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Epidemiology:
doi: 10.1097/EDE.0000000000000056
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Impact Factors: Do Potential Authors Care?

Smith, George Davey; Coatesworth, Barbara; Ferrie, Jane; Ebrahim, Shah

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International Journal of Epidemiology Editorial Office, School of Social and Community Medicine, University of Bristol, Bristol, United Kingdom, julia.mackay@bristol.ac.uk

International Journal of Epidemiology Editorial Office, School of Social and Community Medicine, University of Bristol, Bristol, United Kingdom, London School of Hygiene and Tropical Medicine, London, United Kingdom

Supplemental digital content is available through direct URL citations in the HTML and PDF versions of this article ( www.epidem.com). This content is not peer-reviewed or copy-edited; it is the sole responsibility of the author.

The editors of Epidemiology have suggested that the impact factor does not influence where authors choose to submit papers, based on a before-and-after comparison of the ratio of submissions in the second half of 2011 to those in the first half (impact factors are released in the middle of the year), during which its position in the impact factor league table had improved.1 The analysis was centered around a year with a tiny difference in impact factors among the leading general epidemiology journals (eFigure 1, http://links.lww.com/EDE/A759). We became editors of the International Journal of Epidemiology (IJE) in 20002 and therefore have data on submissions since then. Over that period, the IJE moved from having an impact factor of about half that of Epidemiology and the American Journal of Epidemiology (at that time the two leading general epidemiology journals) to an impact factor 15% and 23% higher, respectively. The Figure presents the impact factor as released in June of each year in relation to the number of submissions in the subsequent 11 months (July of that year to May of the subsequent year) and shows a close relationship, which appears to be more than a simple upward trend. We also tested the hypothesis that the important metric was the impact factor of our journal—initially lower and now higher—compared with the average of Epidemiology and the American Journal of Epidemiology shown in eFigure 2 ( http://links.lww.com/EDE/A759), which reveals much the same pattern. We think this long-term monitoring is likely to give a more valid interpretation of the effects of the impact factor on authors’ behavior.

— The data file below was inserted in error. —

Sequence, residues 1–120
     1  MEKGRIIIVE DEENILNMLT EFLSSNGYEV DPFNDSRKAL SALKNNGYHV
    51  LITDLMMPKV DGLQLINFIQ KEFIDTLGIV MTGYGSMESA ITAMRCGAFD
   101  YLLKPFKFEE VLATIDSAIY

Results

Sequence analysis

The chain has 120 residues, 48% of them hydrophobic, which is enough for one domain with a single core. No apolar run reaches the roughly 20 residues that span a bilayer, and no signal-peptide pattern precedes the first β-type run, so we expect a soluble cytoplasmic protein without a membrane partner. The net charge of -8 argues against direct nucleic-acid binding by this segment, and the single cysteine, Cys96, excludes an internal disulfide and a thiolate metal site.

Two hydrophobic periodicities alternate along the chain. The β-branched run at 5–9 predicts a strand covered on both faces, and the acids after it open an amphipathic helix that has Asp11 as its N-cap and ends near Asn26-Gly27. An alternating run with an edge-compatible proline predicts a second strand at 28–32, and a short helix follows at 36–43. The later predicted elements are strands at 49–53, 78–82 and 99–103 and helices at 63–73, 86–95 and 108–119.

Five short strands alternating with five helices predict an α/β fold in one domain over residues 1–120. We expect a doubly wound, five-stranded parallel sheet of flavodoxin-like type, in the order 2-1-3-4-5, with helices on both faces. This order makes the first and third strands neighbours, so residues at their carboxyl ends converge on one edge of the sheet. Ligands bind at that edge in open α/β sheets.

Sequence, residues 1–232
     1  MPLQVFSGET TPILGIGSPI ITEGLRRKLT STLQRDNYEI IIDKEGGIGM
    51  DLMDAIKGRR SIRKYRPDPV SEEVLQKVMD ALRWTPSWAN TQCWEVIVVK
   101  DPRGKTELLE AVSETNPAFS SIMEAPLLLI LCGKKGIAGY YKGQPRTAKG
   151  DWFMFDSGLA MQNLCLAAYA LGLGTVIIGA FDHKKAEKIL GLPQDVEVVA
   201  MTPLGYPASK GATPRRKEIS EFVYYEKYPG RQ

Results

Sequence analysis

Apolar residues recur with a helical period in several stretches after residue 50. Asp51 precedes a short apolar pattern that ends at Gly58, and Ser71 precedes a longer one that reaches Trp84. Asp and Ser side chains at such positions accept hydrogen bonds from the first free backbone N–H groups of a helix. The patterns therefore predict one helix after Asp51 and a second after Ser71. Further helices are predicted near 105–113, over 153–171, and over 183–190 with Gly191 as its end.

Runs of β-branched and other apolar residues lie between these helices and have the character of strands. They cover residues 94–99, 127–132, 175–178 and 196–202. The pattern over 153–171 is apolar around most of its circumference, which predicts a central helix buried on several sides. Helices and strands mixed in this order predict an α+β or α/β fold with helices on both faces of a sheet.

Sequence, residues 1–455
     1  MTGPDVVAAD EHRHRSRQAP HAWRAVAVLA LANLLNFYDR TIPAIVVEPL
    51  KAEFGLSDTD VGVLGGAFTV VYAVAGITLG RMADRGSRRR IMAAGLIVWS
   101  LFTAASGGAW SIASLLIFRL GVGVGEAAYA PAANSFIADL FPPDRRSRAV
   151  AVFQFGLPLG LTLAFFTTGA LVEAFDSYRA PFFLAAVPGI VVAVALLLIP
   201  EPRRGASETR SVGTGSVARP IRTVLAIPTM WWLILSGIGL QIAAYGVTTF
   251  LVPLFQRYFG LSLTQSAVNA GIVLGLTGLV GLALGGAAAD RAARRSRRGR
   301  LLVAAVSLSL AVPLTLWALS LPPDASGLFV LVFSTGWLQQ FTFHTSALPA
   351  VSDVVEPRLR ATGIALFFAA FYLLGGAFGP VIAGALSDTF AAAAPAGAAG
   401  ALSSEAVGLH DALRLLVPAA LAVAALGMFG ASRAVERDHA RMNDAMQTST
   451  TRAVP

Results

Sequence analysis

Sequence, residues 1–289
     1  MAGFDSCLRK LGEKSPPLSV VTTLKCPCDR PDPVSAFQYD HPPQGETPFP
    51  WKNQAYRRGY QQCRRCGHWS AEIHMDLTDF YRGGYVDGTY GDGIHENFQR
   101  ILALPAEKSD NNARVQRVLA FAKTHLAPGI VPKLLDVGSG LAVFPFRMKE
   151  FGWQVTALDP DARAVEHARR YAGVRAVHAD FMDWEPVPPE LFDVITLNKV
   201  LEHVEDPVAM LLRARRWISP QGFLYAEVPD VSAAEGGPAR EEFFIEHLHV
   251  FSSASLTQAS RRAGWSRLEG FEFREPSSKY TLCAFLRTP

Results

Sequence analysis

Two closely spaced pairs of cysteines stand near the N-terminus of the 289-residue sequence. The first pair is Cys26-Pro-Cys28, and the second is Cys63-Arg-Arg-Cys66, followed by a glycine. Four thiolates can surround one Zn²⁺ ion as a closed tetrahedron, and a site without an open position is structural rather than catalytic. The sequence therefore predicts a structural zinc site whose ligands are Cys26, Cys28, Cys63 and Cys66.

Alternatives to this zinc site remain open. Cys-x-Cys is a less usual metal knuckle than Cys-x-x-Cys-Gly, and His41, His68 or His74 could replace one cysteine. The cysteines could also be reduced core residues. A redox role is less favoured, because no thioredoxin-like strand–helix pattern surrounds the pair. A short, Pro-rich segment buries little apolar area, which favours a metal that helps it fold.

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Impact factors are highly problematic indicators of the value of material published in journals, as has been widely discussed.3,4 We are in no way arguing that it is in the best interests of the discipline for authors to choose journals on the basis of the impact factor. However, as long as some evaluations of academic merit and funding are based on this metric, it is likely to influence authors’ behavior with respect to where papers are submitted.

George Davey Smith
Barbara Coatesworth
Jane Ferrie
International Journal of
Epidemiology Editorial Office
School of Social and Community Medicine
University of Bristol
Bristol, United Kingdom
julia.mackay@bristol.ac.uk
Shah Ebrahim
International Journal of
Epidemiology Editorial Office
School of Social and Community Medicine
University of Bristol
Bristol, United Kingdom
London School of Hygiene and
Tropical Medicine
London, United Kingdom

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REFERENCES

1. Hernán MA, Wilcox AJ. We are number one but nobody cares—that’s good. Epidemiology. 2012; 23:509

2. Davey Smith G, Ebrahim S. Epidemiology—is it time to call it a day? Int J Epidemiol. 2001; 30:1–11

3. Smith R. Commentary: the power of the unrelenting impact factor. A force for good or harm? Int J Epidemiol. 2006; 35:1129–1130

4. Seglen PO. Why the impact factor of journals should not be used for evaluating research. BMJ. 1997; 314:497

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